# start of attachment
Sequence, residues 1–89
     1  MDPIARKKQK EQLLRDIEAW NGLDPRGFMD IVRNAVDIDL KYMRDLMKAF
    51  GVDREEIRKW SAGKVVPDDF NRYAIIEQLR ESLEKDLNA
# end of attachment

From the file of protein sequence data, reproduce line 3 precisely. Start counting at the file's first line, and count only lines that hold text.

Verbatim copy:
    51  GVDREEIRKW SAGKVVPDDF NRYAIIEQLR ESLEKDLNA